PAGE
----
There’s a particular market I really want to submit it to, but if they reject the story I’m not sure I have the strength to keep sending it to other traditional markets like I do with all my other short stories. Not due to the pain of rejection (I’m pretty numb to that after the last few years and being aware that sometimes there’s only 4-5 story slots and well over a hundred submissions makes it less painful) but because I want it out there now. I have a deep urge to get Foxworth into the hands of others. So perhaps you’ll be reading Foxworth soon…
My apologies. When I first got news of this spotlight I prepared this post, saved it as a draft and then – like the genius I am – forgot to actually publish it when this article was posted on Allan Walsh’s A Writer’s Journey.
In yesterday’s post about the anthology, 18, that my critique group released for its eighteenth anniversary, I mentioned the work wasn’t just the product of the members imaginations but also showed the critiquing of the group and the ability of the writers to take that feedback and work on it. I also mentioned that my story, Nightfall, went through a great deal of change. In fact it is one of the stories that probably changed the most from the original.
In my original story Marrille had a massive fear of giving birth and therefore of being assigned a mate, but the group thought this distracted from the much bigger themes in the story – muddied the waters so to speak (though I’m definitely keeping that fear for some poor future character to suffer).
Also, in the original version Marrille and Sario successfully made their provision run, visiting the local town, bartering for food and allowing me to show off all the wonderful creatures I’d populated the world with. However, cool as it was to me, not enough happened in the scene, and it set the action of the hawk attack too far back from the start, meaning a longer slog for the reader before life and death hung in the balance.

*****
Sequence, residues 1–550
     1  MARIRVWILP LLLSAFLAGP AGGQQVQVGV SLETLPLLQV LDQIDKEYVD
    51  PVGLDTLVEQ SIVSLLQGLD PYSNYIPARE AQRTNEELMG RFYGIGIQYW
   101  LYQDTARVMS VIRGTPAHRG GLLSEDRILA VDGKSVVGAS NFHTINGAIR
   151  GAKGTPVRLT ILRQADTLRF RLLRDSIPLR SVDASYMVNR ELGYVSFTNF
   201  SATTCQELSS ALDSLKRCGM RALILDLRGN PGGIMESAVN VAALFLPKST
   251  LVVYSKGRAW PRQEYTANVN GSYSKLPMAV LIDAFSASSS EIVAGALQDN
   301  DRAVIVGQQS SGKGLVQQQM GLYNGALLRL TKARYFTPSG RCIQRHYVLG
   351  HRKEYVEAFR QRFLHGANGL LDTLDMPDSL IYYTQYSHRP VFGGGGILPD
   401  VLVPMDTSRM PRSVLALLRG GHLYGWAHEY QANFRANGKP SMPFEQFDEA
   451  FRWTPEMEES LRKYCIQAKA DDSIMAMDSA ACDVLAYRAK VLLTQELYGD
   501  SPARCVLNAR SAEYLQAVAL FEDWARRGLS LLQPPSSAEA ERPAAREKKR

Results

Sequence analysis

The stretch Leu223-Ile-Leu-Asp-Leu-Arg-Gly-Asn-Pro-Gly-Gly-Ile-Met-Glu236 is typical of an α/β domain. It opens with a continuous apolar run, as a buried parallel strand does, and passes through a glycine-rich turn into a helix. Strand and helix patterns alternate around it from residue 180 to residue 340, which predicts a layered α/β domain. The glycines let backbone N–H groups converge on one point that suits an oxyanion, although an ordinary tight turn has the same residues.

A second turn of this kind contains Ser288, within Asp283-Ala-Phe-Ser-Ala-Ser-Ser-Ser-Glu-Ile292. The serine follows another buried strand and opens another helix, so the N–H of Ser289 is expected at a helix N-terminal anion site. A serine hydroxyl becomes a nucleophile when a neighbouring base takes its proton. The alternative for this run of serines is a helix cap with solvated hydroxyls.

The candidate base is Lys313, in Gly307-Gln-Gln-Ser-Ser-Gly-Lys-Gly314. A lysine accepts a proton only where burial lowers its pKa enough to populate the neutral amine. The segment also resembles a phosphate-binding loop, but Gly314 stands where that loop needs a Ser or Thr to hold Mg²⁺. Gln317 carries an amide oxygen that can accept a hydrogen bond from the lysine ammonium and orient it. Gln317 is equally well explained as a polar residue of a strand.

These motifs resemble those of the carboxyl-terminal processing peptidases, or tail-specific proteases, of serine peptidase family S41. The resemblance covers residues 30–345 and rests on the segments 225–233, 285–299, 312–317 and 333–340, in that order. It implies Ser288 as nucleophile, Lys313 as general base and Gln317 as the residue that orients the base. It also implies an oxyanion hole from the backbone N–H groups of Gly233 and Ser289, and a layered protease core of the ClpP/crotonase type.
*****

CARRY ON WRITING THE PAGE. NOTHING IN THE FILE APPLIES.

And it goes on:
So my second version had both of those removed (along with some smaller more finnicky stuff I won’t waste time here on), however my story was still well over the word count and there was still something about the story niggling in a few minds and we eventually uncovered what that was.
The fix was to chop apart the start again. I thought I was killing a darling (a writer’s term for removing something you love that just isn’t working) when I cut the market scene, but taking out the start was much, much worse. My favourite character’s best moments were cut, in fact the whole power of his presence was diminished massively – but it wasn’t his story, it was Marrille’s so it had to go.
This should show how much a story can change between first draft and when it appears on printed page. A critique group, or at least some outside opinions, can help so much in finding flaws that you can’t see yourself, whether you can sense something’s wrong or not.
The cut start is still a darling, and though it was killed from the story I couldn’t let it wallow in a shallow grave in the Word Cemetary, so I’ve made it available here(read on site or pdf). You can read Nightfall in it’s final form first and come back to see the longer opening because of curiosity or read it first then read Nightfall as it appears in the anthology 18. You can buy 18 from Amazon. You can read the darling start by downloading it in pdf or reading it here on this site.
Long-time readers will be familiar with the fact I’m a member and Vice-President of a fantastic critique group: Vision Writers.